Jared Diamond on Personal and World Crises
About the Course
"Crisis is what suppressed pain looks like; it always comes to the surface. It shakes you into reflection and healing." - Bryant McGill
Almost everyone at some point in their lives has dealt with a personal crisis; whether it be the death of a loved one, the loss of a job, or a broken marriage. To overcome such crises we must shed the mantle of victimhood, accept responsibility for our actions, selectively change aspects of ourselves and be honest in our own self appraisal. The question, however, is can this type of crisis management also be applied to nations, kingdoms, empires and even the world at large?
Join distinguished geographer, historian and ornithologist Jared Diamond as he explores the parallels in crisis management between individuals and societies, both on a national and global level. Diamond will take you on a fascinating journey through common psychological practice, the Chilean Coup D'état, 19th century Japan, and the U.S.A., as well as highlighting the most pressing issues that face us today and how we can solve them.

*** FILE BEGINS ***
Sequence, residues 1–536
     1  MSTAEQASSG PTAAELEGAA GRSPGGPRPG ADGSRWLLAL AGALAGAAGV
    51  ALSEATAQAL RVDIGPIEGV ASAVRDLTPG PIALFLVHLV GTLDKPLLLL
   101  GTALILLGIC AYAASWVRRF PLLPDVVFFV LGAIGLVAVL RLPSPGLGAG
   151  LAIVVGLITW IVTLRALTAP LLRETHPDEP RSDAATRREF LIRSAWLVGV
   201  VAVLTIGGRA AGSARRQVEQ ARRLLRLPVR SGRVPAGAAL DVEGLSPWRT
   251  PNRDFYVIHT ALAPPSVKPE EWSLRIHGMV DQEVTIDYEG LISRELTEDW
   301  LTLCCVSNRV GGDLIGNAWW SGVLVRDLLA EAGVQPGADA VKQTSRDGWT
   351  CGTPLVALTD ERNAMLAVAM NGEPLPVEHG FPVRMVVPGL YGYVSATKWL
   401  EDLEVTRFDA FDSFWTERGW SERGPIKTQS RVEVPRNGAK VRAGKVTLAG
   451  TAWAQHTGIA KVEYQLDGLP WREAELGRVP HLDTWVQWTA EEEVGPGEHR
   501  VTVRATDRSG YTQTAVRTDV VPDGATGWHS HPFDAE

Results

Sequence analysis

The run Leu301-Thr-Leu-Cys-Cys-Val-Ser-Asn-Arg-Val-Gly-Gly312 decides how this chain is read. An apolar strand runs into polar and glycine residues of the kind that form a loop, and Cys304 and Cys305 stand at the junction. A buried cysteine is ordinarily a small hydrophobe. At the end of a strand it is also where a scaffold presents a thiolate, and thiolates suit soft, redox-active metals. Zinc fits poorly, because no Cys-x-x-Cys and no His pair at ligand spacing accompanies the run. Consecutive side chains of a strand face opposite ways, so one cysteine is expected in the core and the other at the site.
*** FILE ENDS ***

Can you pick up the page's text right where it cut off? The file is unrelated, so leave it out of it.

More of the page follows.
By the end of the course, you will have learned:
- How a national crisis is similar to a personal crisis
- How countries get through crises
- An example of how not to deal with a crisis
- The most pressing world crises facing us today
- Whether we should be optimistic about what the future holds
As part of the course there are in-video quiz questions to consolidate your learning, and discussion boards to have your say.
IAI Academy courses are designed to be challenging but accessible to the interested student. No specialist knowledge is required.
About the Instructor
Jared Diamond is a distinguished geographer, historian, ornithologist and author of The Third Chimpanzee; Guns, Germs, and Steel; Collapse, The World Until Yesterday, and Upheaval. Diamond is known for drawing from a variety of fields, including anthropology, ecology and evolutionary biology.
Part One: National CrisesAll nations experience crises of different kinds. From the Chilean Coup D'état to the Meiji era in Japan and the breakdown of political compromise in the U.S., what do all these crises have in common? Could a helpful parallel be drawn to personal crises?
Part Two: World CrisesWe face multiple threats as a species: from the risk of nuclear war to the depletion of natural resources. How should we respond to them? Should we be optimistic about our capacity to solve these crises in the near future?